Human Rights Arts Festival Open Monday

November 10, 2017

FARGO, N.D. (November 10, 2017) – The North Dakota Human Rights Arts Festival opens Monday, November 13 at the Spirit Room in downtown Fargo, North Dakota. Individuals may view the work in the exhibition Monday through Saturday, 1:30 – 5:00 p.m. The exhibition will be at the Spirit Room through Friday, January 5, 2018. Daily viewings are free and open to the public.

An Artist Reception and Festival Awards Ceremony is scheduled for Saturday, November 18 from 5 – 7 p.m. Tickets are available for $10 for that event, which will include artist talks with print maker Anna Johnson, pencil and ink artist Jack Sadat, and oil painter Joe Larson. A performance by Native American Flute Player Darren Thompson will also take place that evening. The event will be catered by the Himalayan Yak.

During the reception, an Awards Ceremony for the North Dakota Human Rights Film and Arts Festival will take place. The art exhibition Jury will announce the winners and provide awards to the artist. Additionally, the “Best of Show” award, chosen by attendees at both the film and art festivals, will be announced. The “Best of Show” winners from the film and arts festivals will receive awards created specifically for the event by Moorhead, Minnesota based metalworker and painter, Karman Rheault.

The exhibition will display the work of over 20 artists that encompass both 2D and 3D mediums. All works relate to the discussion of human rights or social justice.

Artist who have work displayed at the festival include: photographer Kenneth Anderson’s, “Hecatomb”; graphic designer Riza Aziz’s, “Educating & Empowering Economically Challenged Women in India”; wet-plate photographer Shane Balkowitsch’s, “Death by Oil”; pencil artist Mya Buffalo’s, “Stand Up”; photographer Gaurav Datta’s series, “The Silence”; photographer Justin Deegan’s, “Injustice Anywhere Threatens Justice Everywhere”; painter Ellen Jean Diederich’s, “Board Meeting”; mixed-media artist Laura Forgie’s, “National Pornographic #2”; acrylic artist Glendon Henry’s, “Space Invaders 1863”; photographer Emily Herbranson’s, “In Line”; screenprint artist Madeline Hyde’s, “We All Live in Bhopal”; print maker Anna Johnson’s, “I Walk with Two Spirits II”; oil painter Joesph Larson’s, “Infierno (Hell)”; acrylic artist Kaliee Love’s, “Peace Unity Equality”; digital artist Brett Lysens’s, “Eight Gifts for 2016”; wood worker Donald Paul’s, “A Mother’s Fortitude”; multi-disciplinary artist Karen Perry-Anderson’s, “Attested Series”; photographer Birgit Pruess’, “Never Again”; pencil and ink artist Jack Sadat’s, “Pulse”; photographer Scott Seiler’s, “Checkpoint Chew”; collage artist Megan Westphal’s, “Metamorphosis”; and photographer Autumn Winter’s, “Summer Home”.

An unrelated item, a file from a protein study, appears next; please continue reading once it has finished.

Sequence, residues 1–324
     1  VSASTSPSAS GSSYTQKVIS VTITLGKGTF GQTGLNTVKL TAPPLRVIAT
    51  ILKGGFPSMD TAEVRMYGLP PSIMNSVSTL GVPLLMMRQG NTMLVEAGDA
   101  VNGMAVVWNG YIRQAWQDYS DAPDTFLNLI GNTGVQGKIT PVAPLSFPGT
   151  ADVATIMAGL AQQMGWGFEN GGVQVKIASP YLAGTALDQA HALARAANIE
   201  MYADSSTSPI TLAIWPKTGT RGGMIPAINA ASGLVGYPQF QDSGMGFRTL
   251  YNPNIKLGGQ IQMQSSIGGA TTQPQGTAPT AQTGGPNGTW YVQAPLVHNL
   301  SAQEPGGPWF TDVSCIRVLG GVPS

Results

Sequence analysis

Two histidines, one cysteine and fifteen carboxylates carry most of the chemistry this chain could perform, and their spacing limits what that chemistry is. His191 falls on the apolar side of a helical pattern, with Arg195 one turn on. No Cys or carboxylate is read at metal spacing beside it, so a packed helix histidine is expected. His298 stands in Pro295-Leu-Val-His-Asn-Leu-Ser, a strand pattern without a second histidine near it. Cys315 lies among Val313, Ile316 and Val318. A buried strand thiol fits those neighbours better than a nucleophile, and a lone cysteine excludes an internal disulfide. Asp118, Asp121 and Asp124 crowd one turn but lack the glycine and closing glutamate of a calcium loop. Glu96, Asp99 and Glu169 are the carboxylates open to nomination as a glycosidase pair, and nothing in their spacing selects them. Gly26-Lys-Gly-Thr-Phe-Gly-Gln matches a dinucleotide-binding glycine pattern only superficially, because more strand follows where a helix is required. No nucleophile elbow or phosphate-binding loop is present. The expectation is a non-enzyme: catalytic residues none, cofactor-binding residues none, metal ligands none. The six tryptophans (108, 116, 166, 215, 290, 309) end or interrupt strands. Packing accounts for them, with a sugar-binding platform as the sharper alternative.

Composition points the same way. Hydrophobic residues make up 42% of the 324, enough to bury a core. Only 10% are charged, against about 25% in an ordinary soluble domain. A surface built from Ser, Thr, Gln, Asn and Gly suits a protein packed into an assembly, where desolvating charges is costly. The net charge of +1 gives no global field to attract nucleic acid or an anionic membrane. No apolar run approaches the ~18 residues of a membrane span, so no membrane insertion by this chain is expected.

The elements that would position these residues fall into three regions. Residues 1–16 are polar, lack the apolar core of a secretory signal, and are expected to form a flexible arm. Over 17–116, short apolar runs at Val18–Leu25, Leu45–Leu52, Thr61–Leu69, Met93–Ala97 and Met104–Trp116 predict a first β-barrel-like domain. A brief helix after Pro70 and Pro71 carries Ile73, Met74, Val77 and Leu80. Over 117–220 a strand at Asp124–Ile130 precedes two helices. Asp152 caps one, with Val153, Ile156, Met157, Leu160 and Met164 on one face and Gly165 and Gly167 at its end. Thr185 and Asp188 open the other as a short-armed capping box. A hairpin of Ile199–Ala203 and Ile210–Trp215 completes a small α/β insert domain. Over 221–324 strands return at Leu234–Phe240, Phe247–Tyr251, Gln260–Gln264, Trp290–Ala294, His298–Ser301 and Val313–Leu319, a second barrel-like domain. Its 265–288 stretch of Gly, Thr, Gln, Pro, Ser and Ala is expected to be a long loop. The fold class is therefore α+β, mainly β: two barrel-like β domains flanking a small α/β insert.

The North Dakota Human Rights Film and Arts Festival will take place Nov. 13 – 18, 2017, in Fargo, North Dakota. The art exhibition will open on Monday, Nov. 13, at the Spirit Room in downtown Fargo. The exhibition will be available for viewing through Jan. 5, 2018.

22 films from 8 countries will screen at the historic downtown theater in Fargo, North Dakota Wednesday, November 15 to Friday, November 17. The full schedule can be viewed online. Doors open at 6:30, and screenings begin at 7 p.m. each evening. Panel discussions take place nightly after the film screenings. The festival will close on Saturday, November 18 with an Art Reception and Festival Awards Ceremony from 5 – 7 p.m. at Spirit Room.

Fargo Mayor Tim Mahoney has proclaimed Monday, November 13 through Saturday, November 18, 2017, Human Rights Week for the City Fargo. Mayor Mahoney encourages the community to observe the week by reading and studying the Universal Declaration of Human Rights and by participating in events that encourage diversity of thought and discussion.

The mission of the North Dakota Human Rights Film and Arts Festival is to educate, engage and facilitate discussion around local and worldwide human rights topics through the work of filmmakers and artists. 2017 is the inaugural year for both the film and art festivals. The festival was founded and is managed by the non-profit The Human Family, an organization dedicated to promoting human rights and social justice through film and art. Support for the festival comes from: the Fargo Human Relations Commission; the Fargo Native American Commission; African Soul, American Heart; Park Co. Realtors; Bell Bank; Himalayan Yak; Lutheran Social Services of North Dakota, Kensie Wallner Photography;; Moorhead Massage and Wellness; and the North Dakota Human Rights Coalition.

For more information about the North Dakota Human Rights Film and Arts Festival, visit the Human Family website,

Click here for a PDF version of this press release.

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